17. Delegation • Administrators can create subdomains to group hosts • According to geography, organizational affiliation or any other criterion • An administrator of a domain can delegate responsibility for managing a subdomain to someone else • But this isn’t required • The parent domain retains links to the delegated subdomain • The parent domain “remembers” who it delegated the subdomain to

  18. net zone com net domain net edu google • sun • • zone ripe tislabs moon isi • • disi www www zone ftp • ws2 ws1 Concept: Zones and Delegations • Zones are “administrative spaces” • Zone administrators are responsible for portion of a domain’s name space • Authority is delegated from a parent and to a child

  19. Concept: Name Servers • Name servers answer ‘DNS’ questions. • Several types of name servers • Authoritative servers • master (primary) • slave (secondary) • (Caching) recursive servers • also caching forwarders • Mixture of functionality

  20. Concept: Name Serversauthoritative name server • Give authoritative answers for one or more zones. • The master server normally loads the data from a zone file • A slave server normally replicates the data from the master via a zone transfer slave master slave

  21. Concept: Name Serversrecursive server • Recursive servers do the actual lookups; they ask questions to the DNS on behalf of the clients. • Answers are obtained from authoritative servers but the answers forwarded to the clients are marked as not authoritative • Answers are stored for future reference in the cache

  22. Concept: Resolvers • Resolvers ask the questions to the DNS system on behalf of the application. • Normally implemented in a system library (e.g, libc) gethostbyname(char *name); gethostbyaddr(char *addr, int len, type);

  23. Concept: Resolving process & Cache Question: A root-server A ? Ask net server @ (+ glue) A ? Caching forwarder (recursive) Resolver A ? gtld-server Ask ripe server @ (+ glue) Add to cache A ? ripe-server

  24. Concept: Resource Records (more detail) • Resource records consist of it’s name, it’s TTL, it’s class, it’s type and it’s RDATA • TTL is a timing parameter • IN class is widest used • There are multiple types of RR records • Everything behind the type identifier is called rdata 3600 IN A rdata ttl Label type class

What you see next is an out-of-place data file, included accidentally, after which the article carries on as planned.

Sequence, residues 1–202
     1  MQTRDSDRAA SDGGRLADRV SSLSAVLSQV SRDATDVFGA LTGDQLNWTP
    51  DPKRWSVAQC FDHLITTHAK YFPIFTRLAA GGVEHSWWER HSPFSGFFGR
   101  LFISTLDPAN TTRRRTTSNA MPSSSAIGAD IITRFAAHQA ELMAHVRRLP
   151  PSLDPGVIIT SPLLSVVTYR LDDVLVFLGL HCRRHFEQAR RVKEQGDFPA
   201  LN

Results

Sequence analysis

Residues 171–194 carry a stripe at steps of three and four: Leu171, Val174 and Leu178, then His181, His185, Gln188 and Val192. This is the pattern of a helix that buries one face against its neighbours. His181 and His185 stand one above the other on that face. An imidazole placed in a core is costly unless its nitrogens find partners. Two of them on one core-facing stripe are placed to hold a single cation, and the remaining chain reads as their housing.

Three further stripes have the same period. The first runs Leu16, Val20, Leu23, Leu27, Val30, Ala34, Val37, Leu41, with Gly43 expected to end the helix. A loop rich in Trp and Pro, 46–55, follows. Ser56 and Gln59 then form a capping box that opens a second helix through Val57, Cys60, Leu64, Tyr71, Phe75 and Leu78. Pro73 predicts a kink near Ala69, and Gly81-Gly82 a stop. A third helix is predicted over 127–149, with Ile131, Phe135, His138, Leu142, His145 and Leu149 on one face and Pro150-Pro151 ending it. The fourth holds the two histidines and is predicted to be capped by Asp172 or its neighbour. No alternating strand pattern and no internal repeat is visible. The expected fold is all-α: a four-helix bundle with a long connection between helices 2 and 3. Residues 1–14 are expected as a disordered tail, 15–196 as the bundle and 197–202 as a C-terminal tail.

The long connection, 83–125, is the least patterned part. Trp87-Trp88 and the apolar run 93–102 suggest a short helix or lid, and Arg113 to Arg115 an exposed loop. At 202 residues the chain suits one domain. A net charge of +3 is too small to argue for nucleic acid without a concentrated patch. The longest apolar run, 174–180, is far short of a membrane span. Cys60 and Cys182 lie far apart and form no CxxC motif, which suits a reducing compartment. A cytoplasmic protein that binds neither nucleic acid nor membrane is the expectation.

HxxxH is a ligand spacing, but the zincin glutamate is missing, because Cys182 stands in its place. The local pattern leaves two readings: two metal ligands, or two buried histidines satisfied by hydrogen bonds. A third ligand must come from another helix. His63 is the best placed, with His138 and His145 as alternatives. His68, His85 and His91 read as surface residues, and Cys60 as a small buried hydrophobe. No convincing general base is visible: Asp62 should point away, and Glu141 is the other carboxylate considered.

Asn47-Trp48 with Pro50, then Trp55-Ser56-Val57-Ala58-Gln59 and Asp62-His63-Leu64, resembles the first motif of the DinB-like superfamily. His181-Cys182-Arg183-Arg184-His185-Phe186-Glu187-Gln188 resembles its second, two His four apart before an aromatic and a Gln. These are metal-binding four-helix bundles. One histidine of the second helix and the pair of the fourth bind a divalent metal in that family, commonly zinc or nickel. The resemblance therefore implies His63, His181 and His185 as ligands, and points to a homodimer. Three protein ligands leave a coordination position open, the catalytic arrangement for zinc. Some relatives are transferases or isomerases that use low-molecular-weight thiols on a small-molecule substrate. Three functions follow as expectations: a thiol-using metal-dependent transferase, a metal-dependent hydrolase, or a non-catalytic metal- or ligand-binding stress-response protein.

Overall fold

25. Label ttl class type rdata Example: RRs in a zone file 7200 IN SOA ( 2001061501 ; Serial 43200 ; Refresh 12 hours 14400 ; Retry 4 hours 345600 ; Expire 4 days 7200 ; Negative cache 2 hours ) 7200 IN NS 7200 IN NS 3600 IN A 2600 IN A

  26. Resource Record: SOA and NS • The SOA and NS records are used to provide information about the DNS itself. • The NS indicates where information about a given zone can be found: • The SOA record provides information about the start of authority, i.e. the top of the zone, also called the APEX. 7200 IN NS 7200 IN NS

  27. Master server Contact address Version number Timing parameter Resource Record: SOA net. 3600 IN SOA ( 2002021301 ; serial 30M ; refresh 15M ; retry 1W ; expiry 1D ) ; neg. answ. ttl

  28. Concept: TTL and other Timers • TTL is a timer used in caches • An indication for how long the data may be reused • Data that is expected to be ‘stable’ can have high TTLs • SOA timers are used for maintaining consistency between primary and secondary servers

  29. Upload of zone data is local policy Places where DNS data lives Changes in DNS do not propagate instantly! Slave Might take up to refresh to get data from master Not going to net if TTL>0 Cache server Master Registry DB Slave server

  30. To remember... • Multiple authoritative servers to distribute load and risk: • Put your name servers apart from each other • Caches to reduce load to authoritative servers and reduce response times • SOA timers and TTL need to be tuned to needs of zone. Stable data: higher numbers

  31. What have we learnedWhat are we about to learn • We learned about the architecture: • resolvers, • caching forwarders, • authoritative servers, • timing parameters